When questionable decisions work, NFL head coaches are heroes. When those decisions backfire, they're in the doghouse.
That's the biggest mistake any NFL coach has ever made! Find somebody else to coach the team!
Such is the life of the on-field decision-maker and face of the franchise.
With great power comes great responsibility. That really says it all about NFL head coaches.
Let's take a look at some of the biggest mistakes NFL head coaches can make, unless they work.
Then they're brilliant and gutsy risk-takers who know how to win.
When is the best time to burn remaining timeouts? On the front or back end of the two-minute warning?
The answer to this question varies throughout the league.
Some coaches use the timeouts to keep the clock on top of the two-minute stoppage. Others save them for after.
When it comes down to it, a team needs to make sure it gets the stop to force a punt, no matter which side takes the timeouts.
The exception to that would be when an offense has a first down and the clock is nearing the two-minute warning.
It's best to let the clock run out and save the timeouts. If the offense gets tricky on first down and picks up another first down, the game is more or less lost at that point.
Going for it and not going for it on fourth down is a highly debatable issue for NFL head coaches.
Like the two-minute-warning timeout scenario, coaches look much better when their decision works in their favor.
Statistically, going for it on fourth down, especially on the opponent's side of the field, has a much greater probability of helping a team win than punting or even kicking field goals.
This point was argued by David Romer, a UC Berkeley professor of economics.
Romer doesn't just think going for it on short down-and-distance situations is enough, according to an interview with ESPN's Greg Garber:
Teams should be a lot more aggressive on fourth down. On average, you'd be better off going for it, essentially, in any short-yardage situation, and then there are some cases even in longer yardage where neither punting nor a field goal looks very attractive.
This is a big point of contention for NFL coaches and one that is justified by economics. If a team is looking to win, surely sustaining drives and controlling possession of the football makes for a better chance of accomplishing that end.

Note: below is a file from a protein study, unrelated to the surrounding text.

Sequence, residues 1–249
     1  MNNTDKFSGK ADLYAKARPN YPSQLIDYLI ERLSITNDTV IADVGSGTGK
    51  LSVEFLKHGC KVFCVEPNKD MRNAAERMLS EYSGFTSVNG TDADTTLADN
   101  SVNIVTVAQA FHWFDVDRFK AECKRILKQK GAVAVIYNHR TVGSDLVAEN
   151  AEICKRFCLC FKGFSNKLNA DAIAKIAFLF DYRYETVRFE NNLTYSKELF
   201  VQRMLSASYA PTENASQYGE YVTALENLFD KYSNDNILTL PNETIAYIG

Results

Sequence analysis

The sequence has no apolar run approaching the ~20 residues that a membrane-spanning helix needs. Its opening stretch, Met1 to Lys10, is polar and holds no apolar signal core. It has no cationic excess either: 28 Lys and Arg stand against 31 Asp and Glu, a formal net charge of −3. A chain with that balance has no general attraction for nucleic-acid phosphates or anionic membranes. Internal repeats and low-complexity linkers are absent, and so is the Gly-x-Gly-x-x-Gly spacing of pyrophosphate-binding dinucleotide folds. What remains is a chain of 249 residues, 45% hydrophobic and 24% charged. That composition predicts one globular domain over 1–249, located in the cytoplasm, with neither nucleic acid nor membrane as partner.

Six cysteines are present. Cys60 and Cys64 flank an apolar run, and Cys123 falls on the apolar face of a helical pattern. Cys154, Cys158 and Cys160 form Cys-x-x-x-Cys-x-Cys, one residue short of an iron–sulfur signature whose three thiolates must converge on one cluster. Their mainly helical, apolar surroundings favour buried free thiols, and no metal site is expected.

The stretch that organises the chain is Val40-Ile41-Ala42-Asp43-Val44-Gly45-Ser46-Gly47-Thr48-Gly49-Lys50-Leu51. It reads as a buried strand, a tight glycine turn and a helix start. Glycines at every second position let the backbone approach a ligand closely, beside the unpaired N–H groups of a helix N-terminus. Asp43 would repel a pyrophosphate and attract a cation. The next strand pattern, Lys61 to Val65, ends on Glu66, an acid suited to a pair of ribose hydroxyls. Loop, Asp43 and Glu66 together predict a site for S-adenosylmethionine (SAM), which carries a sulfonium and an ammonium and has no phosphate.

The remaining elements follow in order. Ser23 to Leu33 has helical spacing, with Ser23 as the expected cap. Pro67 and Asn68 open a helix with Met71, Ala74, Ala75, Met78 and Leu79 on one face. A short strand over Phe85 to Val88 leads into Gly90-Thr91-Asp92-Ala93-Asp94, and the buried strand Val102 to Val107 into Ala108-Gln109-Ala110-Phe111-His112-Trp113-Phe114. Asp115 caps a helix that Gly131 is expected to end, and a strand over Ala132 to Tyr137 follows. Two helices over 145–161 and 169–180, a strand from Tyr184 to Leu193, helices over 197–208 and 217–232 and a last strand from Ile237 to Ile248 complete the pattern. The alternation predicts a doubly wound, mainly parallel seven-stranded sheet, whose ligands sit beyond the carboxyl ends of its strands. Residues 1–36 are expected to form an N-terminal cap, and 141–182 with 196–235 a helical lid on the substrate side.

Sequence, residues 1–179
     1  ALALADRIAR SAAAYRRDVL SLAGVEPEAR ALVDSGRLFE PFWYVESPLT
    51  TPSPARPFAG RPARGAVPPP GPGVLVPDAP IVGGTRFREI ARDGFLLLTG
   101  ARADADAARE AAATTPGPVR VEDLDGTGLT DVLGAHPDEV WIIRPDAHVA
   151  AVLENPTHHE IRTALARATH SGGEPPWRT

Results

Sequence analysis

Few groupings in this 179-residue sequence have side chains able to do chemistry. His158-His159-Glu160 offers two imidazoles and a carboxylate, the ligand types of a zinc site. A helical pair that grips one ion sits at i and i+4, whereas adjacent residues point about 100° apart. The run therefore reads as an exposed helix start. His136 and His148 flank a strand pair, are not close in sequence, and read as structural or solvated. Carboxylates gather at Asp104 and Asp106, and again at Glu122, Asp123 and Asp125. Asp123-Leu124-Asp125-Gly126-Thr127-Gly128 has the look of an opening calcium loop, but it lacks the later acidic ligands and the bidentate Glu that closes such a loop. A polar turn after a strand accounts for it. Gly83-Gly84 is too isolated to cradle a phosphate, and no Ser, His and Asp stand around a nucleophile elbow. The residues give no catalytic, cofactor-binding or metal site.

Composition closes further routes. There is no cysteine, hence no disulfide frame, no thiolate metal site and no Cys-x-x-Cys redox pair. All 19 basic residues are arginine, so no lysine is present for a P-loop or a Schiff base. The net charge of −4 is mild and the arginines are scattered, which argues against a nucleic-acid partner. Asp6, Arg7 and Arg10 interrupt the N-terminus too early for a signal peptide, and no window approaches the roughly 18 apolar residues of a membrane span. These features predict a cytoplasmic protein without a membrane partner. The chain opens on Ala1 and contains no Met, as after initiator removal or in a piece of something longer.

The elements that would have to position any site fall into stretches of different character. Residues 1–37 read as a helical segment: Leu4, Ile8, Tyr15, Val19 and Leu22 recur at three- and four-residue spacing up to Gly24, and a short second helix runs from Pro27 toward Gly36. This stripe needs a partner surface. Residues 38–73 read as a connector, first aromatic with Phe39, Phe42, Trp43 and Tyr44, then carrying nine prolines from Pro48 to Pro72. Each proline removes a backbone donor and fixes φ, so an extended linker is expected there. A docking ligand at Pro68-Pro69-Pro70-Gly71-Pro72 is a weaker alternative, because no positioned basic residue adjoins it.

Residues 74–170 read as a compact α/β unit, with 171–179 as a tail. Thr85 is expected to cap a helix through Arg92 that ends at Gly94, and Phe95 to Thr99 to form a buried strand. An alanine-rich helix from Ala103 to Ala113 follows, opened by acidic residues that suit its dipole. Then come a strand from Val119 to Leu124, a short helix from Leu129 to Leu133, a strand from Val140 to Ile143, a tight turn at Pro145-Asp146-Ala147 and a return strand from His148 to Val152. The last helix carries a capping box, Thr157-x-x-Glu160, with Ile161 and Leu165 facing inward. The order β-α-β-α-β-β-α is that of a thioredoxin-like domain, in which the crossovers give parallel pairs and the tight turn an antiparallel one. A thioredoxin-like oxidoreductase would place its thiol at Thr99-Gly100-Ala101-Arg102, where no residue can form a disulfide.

John Madden used to say that prevent defense prevents you from winning. That point is up for debate.
There are different types of prevent defense that incorporate softer coverages in order to avoid the big, game-changing plays that can lose the game.
Those schemes need a balance, though, and coaches are responsible for maintaining that.
What good is an offense doing, when trailing by more than three points, if it moves its way downfield with short to intermediate passes?
In addition to the defenders in coverage to take away the deep ball, the offense is fighting multiple other factors.
"An offense is fighting yardage," Eric Mangini said, according to David Fleming of ESPN The Magazine. "And they're fighting time. You want to make sure you take away both."
Every time you scold your coach through your television, remember that he is playing the percentages. Does anyone remember Eli Manning's game-winning 77-yard touchdown pass to Victor Cruz against the Washington Redskins in Week 7?
The Skins led by three and somehow found themselves in a coverage that allowed Cruz to not only get over the top of the cornerback but also the safety.
It cost them the game.
That's the type of mistake that draws the most ire toward head coaches and their defensive coordinators.
Losing a challenge costs an ever-important timeout.
In today's NFL, one timeout can be the difference between winning and losing. It's no wonder that this tool has become a focal point for the scrutiny of NFL head coaches.
The decision to challenge a call ultimately comes down to the head coach's decision to toss the red flag out of his pocket and onto the field. However, behind the scenes there are several other things happening at once.
The next play is being called, the team's replay coordinator in the booth is relaying what he/she sees and the coach is searching for a view on the big screen to see if he can find something to help him make the call.
At the same time, the other team is usually rushing to the line of scrimmage to get the next play off and prevent a challenge.
So is a coach wrong for taking a gamble?
It's easy sometimes to get lost in the moment and throw away a timeout, especially at home games. Fans are screaming for a challenge, and players are begging to see the red flag come into play to justify the case they've been pleading to the official.
Emotion, players, fans or an opposing team running to the line of scrimmage are all factors that influence coaches to make mistakes in this situation.
It takes a cool head and a patient but decisive approach to get it right.
There's the count, the snap and the kick...and it's no good!
Oh no, the defense called a timeout just as the offense snapped the football! They will get one more shot at the game-winning field goal.
That is a nightmare scenario for any NFL head coach and a common mistake. Icing the kicker is one thing, but calling a timeout and letting him get the kick off is quite another.
Sure, if it goes in, the kicker has to make it again. But if it doesn't, the coach has to explain himself in the postgame press conference after the kicker drains the second attempt to win the game.
It's another mistake that's relative to how the situation turns out.
As you may have noticed, NFL head coaches can be scapegoats or heroes, but most importantly, they are definitely to blame for everything that goes wrong on a football field.
They're also gods among men when everything pans out and the team wins.